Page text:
These results are also interesting. The models that most closely matched the target model’s labeled data were the Random Forest and XGBoost, while the Neural Network had both the most number of adversarial attacks that transferred as well as the best attack transferability percentage to the LightGBM target. Compared to the other two target models, Model2 appears to be the most resilient against adversarial samples as well.
Here’s the result of our evasion-transferability search process against the first model:
These results are just as interesting as the previous two. Most models were extremely close in accuracy on the target model’s labeled data, while the Logistic Regression and XGBoost had the most number of adversarial samples transferred to the target Neural Network. The Neural Network had the best attack transferability percentage, but the second worst number of attacks transferred.
Based on the results, my strategy to determine model architecture by measuring surrogate model attack transferability doesn’t seem like it’s working too well in this case. As a confirmation, for each model I took the most promising surrogate for each target and performed the same attacks that we did against the white box models in the second post. This didn’t end up being that effective, and I ended up with a large amount of modifications for each script. Specifically, the modified scripts would score very low in obfuscation probability against the local surrogate but would still be classified as obfuscated by the target.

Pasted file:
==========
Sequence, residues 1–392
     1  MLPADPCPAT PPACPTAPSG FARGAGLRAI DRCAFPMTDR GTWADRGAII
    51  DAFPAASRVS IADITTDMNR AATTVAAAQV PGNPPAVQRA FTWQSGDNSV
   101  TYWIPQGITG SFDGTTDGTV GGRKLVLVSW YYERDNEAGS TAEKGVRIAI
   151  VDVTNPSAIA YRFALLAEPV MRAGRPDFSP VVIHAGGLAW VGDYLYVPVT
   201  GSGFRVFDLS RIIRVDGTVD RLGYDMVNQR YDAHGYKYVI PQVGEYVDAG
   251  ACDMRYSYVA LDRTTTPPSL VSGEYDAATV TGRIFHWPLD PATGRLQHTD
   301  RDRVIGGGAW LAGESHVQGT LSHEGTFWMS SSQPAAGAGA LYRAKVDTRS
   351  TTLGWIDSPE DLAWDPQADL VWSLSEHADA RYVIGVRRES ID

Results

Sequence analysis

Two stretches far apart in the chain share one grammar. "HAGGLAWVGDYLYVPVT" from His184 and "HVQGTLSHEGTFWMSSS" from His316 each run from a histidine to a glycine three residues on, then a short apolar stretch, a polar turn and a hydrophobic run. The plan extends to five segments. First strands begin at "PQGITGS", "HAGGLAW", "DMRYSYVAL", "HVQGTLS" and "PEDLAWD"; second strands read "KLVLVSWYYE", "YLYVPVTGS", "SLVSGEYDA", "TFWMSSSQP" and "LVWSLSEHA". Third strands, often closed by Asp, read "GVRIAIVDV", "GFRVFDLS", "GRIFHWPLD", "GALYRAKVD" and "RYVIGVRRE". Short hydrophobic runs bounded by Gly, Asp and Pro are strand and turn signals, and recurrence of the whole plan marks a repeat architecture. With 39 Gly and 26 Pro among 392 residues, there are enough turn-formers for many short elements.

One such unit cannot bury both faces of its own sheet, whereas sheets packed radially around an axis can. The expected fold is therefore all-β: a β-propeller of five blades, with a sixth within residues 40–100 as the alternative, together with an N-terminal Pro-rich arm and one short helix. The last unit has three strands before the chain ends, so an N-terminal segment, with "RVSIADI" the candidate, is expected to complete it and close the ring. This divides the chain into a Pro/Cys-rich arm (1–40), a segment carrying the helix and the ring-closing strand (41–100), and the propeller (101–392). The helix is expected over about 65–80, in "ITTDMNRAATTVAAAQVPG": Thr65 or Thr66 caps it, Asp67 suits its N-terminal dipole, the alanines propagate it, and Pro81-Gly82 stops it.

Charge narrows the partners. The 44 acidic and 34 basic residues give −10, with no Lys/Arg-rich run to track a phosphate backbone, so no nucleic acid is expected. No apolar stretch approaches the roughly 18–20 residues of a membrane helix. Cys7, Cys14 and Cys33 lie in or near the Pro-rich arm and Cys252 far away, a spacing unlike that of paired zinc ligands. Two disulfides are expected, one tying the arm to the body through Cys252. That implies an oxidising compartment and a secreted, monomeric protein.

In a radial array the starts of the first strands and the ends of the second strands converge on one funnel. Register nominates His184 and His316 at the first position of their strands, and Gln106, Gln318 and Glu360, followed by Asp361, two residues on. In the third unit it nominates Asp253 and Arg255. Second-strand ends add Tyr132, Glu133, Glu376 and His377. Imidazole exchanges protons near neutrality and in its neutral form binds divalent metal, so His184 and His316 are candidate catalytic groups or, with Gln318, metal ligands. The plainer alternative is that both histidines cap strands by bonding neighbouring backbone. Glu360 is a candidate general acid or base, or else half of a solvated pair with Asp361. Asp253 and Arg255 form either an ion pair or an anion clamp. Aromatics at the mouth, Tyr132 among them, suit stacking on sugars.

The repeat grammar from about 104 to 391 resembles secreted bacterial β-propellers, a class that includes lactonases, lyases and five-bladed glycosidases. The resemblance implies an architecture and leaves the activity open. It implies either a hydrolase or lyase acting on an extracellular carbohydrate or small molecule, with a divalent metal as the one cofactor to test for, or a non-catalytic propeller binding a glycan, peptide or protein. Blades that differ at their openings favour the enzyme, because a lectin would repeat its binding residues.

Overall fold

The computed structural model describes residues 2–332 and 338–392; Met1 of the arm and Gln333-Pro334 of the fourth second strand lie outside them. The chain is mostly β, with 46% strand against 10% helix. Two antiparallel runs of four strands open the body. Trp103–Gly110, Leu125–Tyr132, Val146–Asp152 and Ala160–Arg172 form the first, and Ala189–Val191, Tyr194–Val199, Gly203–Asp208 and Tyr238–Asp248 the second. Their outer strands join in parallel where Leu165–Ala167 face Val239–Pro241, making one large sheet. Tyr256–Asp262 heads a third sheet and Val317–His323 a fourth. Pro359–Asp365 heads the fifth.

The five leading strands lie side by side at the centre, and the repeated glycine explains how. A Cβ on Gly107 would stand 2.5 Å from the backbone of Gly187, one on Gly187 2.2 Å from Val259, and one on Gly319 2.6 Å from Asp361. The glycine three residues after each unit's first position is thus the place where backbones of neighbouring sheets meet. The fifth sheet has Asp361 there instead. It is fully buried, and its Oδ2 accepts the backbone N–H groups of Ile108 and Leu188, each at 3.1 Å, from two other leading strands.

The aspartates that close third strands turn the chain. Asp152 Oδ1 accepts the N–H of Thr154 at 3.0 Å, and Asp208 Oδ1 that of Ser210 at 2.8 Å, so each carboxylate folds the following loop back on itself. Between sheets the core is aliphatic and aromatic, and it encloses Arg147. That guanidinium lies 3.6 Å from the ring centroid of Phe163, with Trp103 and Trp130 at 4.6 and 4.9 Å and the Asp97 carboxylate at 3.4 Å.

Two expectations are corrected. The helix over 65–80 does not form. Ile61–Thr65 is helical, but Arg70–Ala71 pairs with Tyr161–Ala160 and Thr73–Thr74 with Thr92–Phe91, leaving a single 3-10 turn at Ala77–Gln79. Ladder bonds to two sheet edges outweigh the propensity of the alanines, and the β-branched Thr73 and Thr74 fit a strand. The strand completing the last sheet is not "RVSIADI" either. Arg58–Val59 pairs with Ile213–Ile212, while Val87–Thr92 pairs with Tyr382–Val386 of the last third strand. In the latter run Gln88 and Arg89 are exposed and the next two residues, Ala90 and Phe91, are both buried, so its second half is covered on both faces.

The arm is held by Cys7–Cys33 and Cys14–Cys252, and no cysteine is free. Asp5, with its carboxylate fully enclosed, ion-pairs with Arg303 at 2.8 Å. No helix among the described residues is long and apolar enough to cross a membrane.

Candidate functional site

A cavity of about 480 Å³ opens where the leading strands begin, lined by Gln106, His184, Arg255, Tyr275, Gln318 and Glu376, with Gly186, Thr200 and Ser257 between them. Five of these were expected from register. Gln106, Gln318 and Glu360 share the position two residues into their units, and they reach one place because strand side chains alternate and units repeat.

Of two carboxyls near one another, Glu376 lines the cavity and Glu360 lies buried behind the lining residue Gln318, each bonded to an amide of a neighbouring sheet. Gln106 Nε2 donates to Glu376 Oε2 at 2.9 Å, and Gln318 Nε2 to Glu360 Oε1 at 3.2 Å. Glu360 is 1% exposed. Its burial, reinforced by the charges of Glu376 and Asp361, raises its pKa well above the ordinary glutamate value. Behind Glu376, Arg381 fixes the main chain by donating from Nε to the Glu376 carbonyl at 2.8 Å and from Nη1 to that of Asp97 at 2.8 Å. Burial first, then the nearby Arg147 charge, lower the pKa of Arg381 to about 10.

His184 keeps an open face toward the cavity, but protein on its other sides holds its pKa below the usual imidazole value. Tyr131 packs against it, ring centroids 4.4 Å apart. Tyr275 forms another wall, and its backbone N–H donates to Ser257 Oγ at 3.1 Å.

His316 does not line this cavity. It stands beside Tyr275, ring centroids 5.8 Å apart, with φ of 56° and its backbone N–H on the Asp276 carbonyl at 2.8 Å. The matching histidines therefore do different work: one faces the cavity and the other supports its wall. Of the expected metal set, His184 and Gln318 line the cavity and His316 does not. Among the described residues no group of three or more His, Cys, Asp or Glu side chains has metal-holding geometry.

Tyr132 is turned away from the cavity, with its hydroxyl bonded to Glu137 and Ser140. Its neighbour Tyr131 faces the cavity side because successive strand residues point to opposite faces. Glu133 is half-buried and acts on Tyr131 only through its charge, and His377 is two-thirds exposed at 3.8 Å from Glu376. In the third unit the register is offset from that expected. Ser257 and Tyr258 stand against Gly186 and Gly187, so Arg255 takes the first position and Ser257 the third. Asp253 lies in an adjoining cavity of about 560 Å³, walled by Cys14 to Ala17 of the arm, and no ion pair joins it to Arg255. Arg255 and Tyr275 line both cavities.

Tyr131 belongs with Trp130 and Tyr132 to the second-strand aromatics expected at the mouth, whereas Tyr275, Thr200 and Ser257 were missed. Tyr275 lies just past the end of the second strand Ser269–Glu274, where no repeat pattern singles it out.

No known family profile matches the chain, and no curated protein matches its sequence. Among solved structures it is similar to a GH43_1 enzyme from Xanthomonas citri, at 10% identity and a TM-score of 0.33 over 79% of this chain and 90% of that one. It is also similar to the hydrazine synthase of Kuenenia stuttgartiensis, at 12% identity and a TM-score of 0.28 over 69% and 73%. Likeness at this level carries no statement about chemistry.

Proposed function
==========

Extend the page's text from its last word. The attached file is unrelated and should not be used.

I racked my brain for an explanation for this, and Will was able to help shed light on several things for me. This resulted in two major shifts in my approach: soft labels and flipping my perspective of the entire problem on its head.
Will details the effect of hard vs soft labels on model extraction on slide 21 from his 2021 BlackHat EU presentation:
Intuitively, this makes sense. A hard label like normal or obfuscated provides less information than a set of probabilities like obfuscated=0.73. The more information we have, the better we can match the internals of the model- there’s a lot of space between hard binary labels like 0 and 1!
Let’s consider the situation where our magic Invoke-Obfuscation APIs give a probability of obfuscation like 0.73 instead of just a binary 0/1 label. How can we take advantage of this additional information? Remember back to the first post where we talked about classification versus regression: classification gives us labels, while regression gives us a number!